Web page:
99.9% crash free sessions

As one of the Android developers of the car2go app, I am happy to share that we achieved our long term goal of 99.9% crash free sessions 🎉. Actually, we passed it by quite a bit already — without even noticing.

In this blog post I want to share how we got there and which lessons I learned from that journey.

Set a Goal

It all started at some point last year in January. Our six Android developers sat together and defined some “yearly” goals for ourselves. We wanted something that keeps us focused on improving the quality of our app.

So we defined that we want to skip as few releases as possible, increase our unit test coverage by a lot, get rid of certain Android classes in our project (👋 AsyncTasks, 👋 Handlers and 👋 Fragments) and last but not least we wanted to have an awesome KPI of 99.9% crash free sessions (we were at ~99.6% back then).

Track the Progress

Let’s stick to the crash free sessions. The first thing we did was setting up a Wiki page. We put our goals on the top of it and then started to check where we can get these numbers from.

Since we already used Crashlytics from Fabric, tracking that number was easy. We looked at the crash-free sessions of the previous release whenever we released a new version to production and published that number in our Wiki.

We could have gone more realistic, e.g. by setting custom time range and checking how all our app versions were performing since our last release. But we wanted to keep things as simple as possible when we started.

How to improve?

So here is an overview of what we did to improve that number:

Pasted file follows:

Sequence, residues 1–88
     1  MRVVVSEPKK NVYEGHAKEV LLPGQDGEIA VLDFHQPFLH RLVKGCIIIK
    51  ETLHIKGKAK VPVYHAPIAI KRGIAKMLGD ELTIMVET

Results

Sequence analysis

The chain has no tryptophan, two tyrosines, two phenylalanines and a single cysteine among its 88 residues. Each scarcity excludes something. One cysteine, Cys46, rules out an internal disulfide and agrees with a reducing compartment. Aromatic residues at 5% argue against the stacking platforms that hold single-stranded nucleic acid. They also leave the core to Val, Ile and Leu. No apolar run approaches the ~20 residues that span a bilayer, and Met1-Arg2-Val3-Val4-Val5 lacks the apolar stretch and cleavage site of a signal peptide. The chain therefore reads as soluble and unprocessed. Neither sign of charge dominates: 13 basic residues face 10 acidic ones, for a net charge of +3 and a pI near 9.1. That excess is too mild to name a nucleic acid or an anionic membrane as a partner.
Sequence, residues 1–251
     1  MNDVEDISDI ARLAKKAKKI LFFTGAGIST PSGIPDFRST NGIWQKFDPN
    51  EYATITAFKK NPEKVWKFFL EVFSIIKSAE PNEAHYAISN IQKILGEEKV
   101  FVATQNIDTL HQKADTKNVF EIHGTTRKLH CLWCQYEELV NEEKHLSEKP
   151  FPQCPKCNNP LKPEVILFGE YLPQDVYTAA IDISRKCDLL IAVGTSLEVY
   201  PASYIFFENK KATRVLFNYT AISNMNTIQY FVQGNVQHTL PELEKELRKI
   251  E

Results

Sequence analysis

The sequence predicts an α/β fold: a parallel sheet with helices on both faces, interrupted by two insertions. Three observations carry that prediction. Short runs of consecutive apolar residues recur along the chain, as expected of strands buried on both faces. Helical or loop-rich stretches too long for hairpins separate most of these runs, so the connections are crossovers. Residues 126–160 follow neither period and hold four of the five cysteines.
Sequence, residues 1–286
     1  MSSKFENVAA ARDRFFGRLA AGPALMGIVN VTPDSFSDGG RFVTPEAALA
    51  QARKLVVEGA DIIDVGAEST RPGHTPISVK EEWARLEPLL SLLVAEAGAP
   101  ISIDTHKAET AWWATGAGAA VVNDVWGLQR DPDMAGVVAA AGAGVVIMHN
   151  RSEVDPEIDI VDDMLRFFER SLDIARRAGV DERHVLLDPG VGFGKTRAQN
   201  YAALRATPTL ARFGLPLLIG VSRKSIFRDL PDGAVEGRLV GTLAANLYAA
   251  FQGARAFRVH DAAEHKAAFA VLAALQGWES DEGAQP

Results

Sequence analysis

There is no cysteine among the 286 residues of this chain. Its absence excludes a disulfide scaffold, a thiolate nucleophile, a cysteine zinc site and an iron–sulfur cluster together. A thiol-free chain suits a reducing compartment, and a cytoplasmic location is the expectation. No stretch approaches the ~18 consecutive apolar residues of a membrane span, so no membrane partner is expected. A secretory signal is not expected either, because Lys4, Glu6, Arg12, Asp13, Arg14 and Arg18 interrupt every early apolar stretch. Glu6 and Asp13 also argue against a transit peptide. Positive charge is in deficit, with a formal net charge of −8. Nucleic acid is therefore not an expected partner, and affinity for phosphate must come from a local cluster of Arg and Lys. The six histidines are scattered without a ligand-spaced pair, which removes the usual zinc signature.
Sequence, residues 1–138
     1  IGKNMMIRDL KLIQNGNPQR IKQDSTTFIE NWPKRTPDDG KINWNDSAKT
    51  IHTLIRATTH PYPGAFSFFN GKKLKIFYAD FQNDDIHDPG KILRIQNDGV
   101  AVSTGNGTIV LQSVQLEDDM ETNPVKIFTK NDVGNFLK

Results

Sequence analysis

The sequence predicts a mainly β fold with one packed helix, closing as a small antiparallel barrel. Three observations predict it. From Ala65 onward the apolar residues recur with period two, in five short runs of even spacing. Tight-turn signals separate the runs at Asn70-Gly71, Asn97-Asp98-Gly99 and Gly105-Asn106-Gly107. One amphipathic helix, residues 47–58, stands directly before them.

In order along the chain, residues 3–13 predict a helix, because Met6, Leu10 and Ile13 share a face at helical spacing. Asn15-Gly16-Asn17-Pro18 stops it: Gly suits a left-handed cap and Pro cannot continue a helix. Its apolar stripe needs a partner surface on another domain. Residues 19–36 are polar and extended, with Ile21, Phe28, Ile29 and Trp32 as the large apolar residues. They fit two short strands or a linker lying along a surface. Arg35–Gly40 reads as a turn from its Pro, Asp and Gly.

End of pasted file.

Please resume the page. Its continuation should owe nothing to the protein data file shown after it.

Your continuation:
• Have your top crashes in your Sprint backlog: Make sure you reserve some time for this — so don’t forget about your bugs when planning a sprint.
  • Get the priorities right: Depending on your project, a crash that effects hundreds of users every day is probably more important than building that one upcoming feature. Check with your Product Owner how to to order things in your backlog. As long as you can explain him your bugs, he probably knows how critical they are for your customers.
  • Do not hold back your fixes and push out another release: If you spot a bigger problem and you manage to fix it just after the release is out, do not be afraid to make another release right away. Sometimes having a hotfix release instead of waiting for the next release is the better option even though it will be yet another update for your customers to download.
  • Test a lot: Write unit tests, have testing sessions with your team, make use of alpha/beta testing. Every one of those stages will reveal different bugs and crashes. And the earlier you catch them, the earlier you can check how to react. Some bugs will make you postpone your release a bit, others won’t. But at least you get the chance to decide about that.

Don’t look away

Probably the easiest way to get rid of crashes is catching them everywhere and then simply ignoring them. But this is not what we wanted to achieve with our goal. We wanted to improve the quality of our app.

And let’s be honest: If an exception is thrown in your app, probably your users reached some state that you were not expecting. And who knows if they can progress with what they wanted to do any further? That’s right, nobody knows.

That is why we decided to crash our app way more often than we did before. A big change for us was crashing whenever an Observable from RxJava completed which should never complete. We have a lot of data streams within our app that are constantly updating. And a lot of our logic depends on that to happen.

That basically made our crash-free sessions drop a lot at first. But, it helped us finding out where our error handling had to be improved to keep our Subscriptions alive. We could fix many critical issues which up until then were close to impossible to reproduce.

As nice side effect, we saved a lot of time we would have spent on trying to reproduce these issues. And in the end we basically freed enough time to get our crash-free sessions back to where we wanted them.